How To Gather Information

How to gather information to support professional social engineering exercises is much the same as research you do for anything else. You need a goal in mind when you start in order to keep the research focused. Having a clear objective helps you determine a couple of things. First, what information is relevant to the end goal.  And second, what information to ignore. This holds true not only for the information gathered but also for how it’s gathered.  

Telephone

The telephone provides an anonymous (to a point) way of obtaining information. The drawback to using the telephone is caller ID and tracing.  A simple phone call can reveal many things. For instance, the company’s name, the name of the person who answered the phone, and so much more. After completing the initial phone, the social engineer can phone back. Now using the information obtained previously to obtain even more information.

How To Gather Information

Fake Websites – Phishing

Another way to obtain information is to create a website that looks legitimate for the company. This could possibly be their own intranet site, or a survey site that an employee would fill out. This site won’t take you to the real site, but will take you to a fake site that the social engineer owns (see Phishing). The answers provided by the employee can give the social engineer the information they need to attain their goal.

Tail Gating

Tail gating is also referred to as Piggybacking. This is occurs when a person gains access to a secured building even if  smart card passes or biometrics, are in use. Under normal situations, smart card passes or biometrics can prevent unauthorized personnel from gaining access to systems and networks. However, people,  are unfortunately, sometimes too helpful. As a result, they sometimes allow an ‘employee’ to enter in a locked door behind them. Why would they do this?  They may feel sorry for the ’employee’ who is searching for their fake pass.  Or, normal courtesy such as keeping the door open for the ‘employee’ who is running up behind them.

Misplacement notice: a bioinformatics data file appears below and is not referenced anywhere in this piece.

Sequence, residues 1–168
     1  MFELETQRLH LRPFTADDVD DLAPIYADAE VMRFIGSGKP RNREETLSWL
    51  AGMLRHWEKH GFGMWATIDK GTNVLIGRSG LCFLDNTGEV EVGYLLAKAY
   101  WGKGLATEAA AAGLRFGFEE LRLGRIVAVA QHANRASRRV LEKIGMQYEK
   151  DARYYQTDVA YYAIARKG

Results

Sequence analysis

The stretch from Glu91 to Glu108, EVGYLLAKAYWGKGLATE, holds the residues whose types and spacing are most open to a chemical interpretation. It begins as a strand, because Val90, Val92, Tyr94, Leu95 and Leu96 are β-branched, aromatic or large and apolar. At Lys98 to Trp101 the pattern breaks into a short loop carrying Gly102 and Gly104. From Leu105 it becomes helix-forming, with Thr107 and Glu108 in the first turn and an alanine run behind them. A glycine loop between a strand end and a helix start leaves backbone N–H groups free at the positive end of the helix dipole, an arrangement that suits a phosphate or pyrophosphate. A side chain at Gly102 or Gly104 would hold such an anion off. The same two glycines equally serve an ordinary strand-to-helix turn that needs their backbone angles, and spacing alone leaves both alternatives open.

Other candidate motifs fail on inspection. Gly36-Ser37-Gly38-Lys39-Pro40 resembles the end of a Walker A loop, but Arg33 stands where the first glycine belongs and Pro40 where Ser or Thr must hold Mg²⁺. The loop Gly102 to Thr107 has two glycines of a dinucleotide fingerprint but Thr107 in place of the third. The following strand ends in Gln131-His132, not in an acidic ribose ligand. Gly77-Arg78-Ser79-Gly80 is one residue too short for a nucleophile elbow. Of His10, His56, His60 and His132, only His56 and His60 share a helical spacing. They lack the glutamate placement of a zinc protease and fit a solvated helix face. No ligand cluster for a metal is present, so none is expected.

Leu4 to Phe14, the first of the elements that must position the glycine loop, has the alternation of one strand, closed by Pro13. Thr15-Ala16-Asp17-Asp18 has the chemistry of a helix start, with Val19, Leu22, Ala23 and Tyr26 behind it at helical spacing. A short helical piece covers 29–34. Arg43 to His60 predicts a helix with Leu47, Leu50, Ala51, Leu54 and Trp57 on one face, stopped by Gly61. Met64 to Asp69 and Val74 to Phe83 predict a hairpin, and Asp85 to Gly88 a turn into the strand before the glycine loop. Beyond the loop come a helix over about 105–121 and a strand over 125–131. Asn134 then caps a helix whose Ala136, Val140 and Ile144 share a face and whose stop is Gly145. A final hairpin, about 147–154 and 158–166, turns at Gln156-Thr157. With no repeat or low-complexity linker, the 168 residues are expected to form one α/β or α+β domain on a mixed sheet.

Social Networking Sites

Type in a name of a co-worker or friend and see how many hits or matches appear with their information. MySpace, Facebook, Twitter, LinkedIn and others help people get connected, but they also help social engineers collect information about you and about your friends and family. Social Engineering can be purely psychological, using information gathered about a person to obtain more information.

Intrusion/Roleplay

Intrusion is considered actually entering the building or property of the target and obtaining information. Posing as an employee, an outside contractor, or even an IT administrator, the social engineer can ask questions or offer to fix issues (see Pretexting and Elicitation)

Reverse Social Engineering

A social engineer can also plant a rogue access point or attempt to access authorized areas with information received earlier from the telephone, emails or websites. Reverse social engineering is the practice of having already accessed the goal machine or network and rendered it unusable; then offering to ‘fix it’. An excellent remote device is something like this device that sends audio or allows you to listen in through a standard GSM card.

Maltego

Maltego is a tool made by Paterva that is a information gathering tool to the extreme. It not only gathers info and organizes it, but helps you put it into order of importance.

Shoulder Surfing

One of the easier ways of social engineering, simply look over the targets’ shoulder and a plethora of information can be obtained, commonly called shoulder surfing. Information obtained can range from user id’s to passwords to secret data seen in plain text.

In the following is a video by European Network and Information Security Agency  shows how easy it is to shoulder surf:

Original source: YouTube.

Image
https://localcomputerhelp.com.au/watch-out-for-microsoft-tech-support-scammers/